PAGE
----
Justice takes wait and see on mask mandate bill
CHARLESTON – Gov. Jim Justice was uncommitted Friday on a pending bill to prohibit mask and test mandates in public schools.
“My only comment would be simply just this, ‘We got a lot to do here. A lot lot lot to do,” Justice said during his Friday pandemic briefing. “I’ll go back to if it ain’t broke, don’t fix it, or don’t try to fix it.”
House Bill 4071 introduced by Republican delegates was passed out of the Education Committee on Wednesday and is headed to the Judiciary Committee.
Titled the Public School Health Rights Act, the bill would prevent schools and educational institutions and elected or appointed officials from requiring masks or tests on students and school employees and prohibits quarantines unless there’s a positive COVID-19 test result.
The legislation doesn’t prohibit someone wearing a mask and parents can send their children to school with masks.
Justice didn’t commit to what action he would take on the bill if it passes the Republican-controlled Legislature.
“We’ll watch this and we’ll make a decision on it when it finally comes out,” Justice said.
Numerous counties and schools in West Virginia require masks. Local school boards have done well, said Justice, reiterating such mandates are not needed in schools.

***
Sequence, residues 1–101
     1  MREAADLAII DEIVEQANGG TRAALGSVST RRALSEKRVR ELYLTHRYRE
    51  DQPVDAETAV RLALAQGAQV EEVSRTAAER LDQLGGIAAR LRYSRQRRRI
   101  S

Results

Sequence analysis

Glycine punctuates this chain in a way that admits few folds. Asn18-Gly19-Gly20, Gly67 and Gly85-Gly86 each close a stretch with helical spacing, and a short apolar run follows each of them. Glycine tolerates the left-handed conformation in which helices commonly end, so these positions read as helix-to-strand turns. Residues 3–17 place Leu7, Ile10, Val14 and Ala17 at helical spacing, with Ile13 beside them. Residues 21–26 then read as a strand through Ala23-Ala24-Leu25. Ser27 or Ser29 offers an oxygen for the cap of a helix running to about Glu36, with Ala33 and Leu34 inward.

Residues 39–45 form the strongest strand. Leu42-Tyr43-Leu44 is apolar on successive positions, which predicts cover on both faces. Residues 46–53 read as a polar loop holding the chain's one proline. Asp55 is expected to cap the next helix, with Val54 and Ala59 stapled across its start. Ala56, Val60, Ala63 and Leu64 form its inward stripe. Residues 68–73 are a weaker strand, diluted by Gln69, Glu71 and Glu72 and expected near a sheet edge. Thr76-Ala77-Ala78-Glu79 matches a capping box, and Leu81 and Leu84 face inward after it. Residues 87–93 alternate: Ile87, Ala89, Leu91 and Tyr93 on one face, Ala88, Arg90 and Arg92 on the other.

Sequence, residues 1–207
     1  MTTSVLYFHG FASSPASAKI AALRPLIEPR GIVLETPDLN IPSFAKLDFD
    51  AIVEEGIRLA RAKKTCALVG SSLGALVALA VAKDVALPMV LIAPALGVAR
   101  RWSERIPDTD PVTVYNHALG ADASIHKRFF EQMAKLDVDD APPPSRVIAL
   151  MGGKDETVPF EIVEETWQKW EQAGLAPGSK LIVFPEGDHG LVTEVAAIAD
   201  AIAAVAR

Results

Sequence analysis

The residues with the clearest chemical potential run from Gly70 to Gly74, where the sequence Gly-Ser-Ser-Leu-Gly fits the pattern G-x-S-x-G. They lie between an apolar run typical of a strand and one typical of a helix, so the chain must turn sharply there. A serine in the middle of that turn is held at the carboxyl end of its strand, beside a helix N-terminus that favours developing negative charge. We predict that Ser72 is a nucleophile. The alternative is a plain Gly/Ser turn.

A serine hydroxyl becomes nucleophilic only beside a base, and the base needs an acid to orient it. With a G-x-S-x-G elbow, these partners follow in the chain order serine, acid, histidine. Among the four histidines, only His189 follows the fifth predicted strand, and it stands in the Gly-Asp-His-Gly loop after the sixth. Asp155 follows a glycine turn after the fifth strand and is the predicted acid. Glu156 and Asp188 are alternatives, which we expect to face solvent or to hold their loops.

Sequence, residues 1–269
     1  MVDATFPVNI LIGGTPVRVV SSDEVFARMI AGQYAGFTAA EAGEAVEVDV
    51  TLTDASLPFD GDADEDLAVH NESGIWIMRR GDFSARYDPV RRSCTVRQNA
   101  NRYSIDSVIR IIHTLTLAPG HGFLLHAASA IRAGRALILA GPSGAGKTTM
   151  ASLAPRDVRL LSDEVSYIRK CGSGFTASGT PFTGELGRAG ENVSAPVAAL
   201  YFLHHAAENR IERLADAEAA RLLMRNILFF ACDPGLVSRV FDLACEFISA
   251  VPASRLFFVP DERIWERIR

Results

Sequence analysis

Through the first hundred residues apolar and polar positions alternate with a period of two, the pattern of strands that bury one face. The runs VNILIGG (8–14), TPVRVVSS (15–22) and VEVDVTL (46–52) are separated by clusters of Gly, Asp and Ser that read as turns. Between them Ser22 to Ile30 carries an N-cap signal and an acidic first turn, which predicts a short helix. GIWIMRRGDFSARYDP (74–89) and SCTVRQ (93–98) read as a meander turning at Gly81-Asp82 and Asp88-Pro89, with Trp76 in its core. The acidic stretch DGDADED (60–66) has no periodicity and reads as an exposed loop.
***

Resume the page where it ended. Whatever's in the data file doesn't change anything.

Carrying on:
“And I’m sure a lot of good legislators believe the same thing,” he said. “But we got a lot of really important stuff going on here.”
Friday’s briefing was underscored by the latest statewide hospitalization numbers nearing the Sept. 24 record of 1,012 patients. The Department of Health and Human Resources Friday reported 980 patients are in the hospital with COVID complications, most of those unvaccinated.
“It’s important to recognize that our hospital numbers in West Virginia are going up,” Dr. Clay Marsh, coronavirus leader in West Virginia, said.
Some areas around the country are seeing a plateauing of hospitalizations, not in West Virginia just yet, Marsh said.
“We anticipate seeing that continue to rise,” he said.
Marsh said it is likely the state will exceed the high mark set in September and will surpass the number at a time when hospitals are faced with more staffing shortages “than we have ever been before.”
Data indicates people older than 55 who are vaccinated and have booster shots have a 44 to 49 times greater chance of not going into a hospital if infected than someone who is not vaccinated, Marsh said.
National Guard personnel are supplementing staff at hospitals in West Virginia where 200 members were expected to be deployed by the end of the day on Friday, according to James Hoyer, a former National Guard general who heads the joint interagency task force on vaccines.
Additional Guard members are being trained, he said.
Hoyer also made the ominous prediction that upward of 6,400 West Virginians will die from the virus, 100 times more than the 64 predicted by a university study at the beginning of the pandemic.
“We are potentially going to approach 100 times that number,” Hoyer said.
The governor, who recently had COVID, also announced his daughter, Jill, and son-in-law, Adam, both tested positive for the virus. They are fully vaccinated, he said.
(Mancini can be contacted at firstname.lastname@example.org)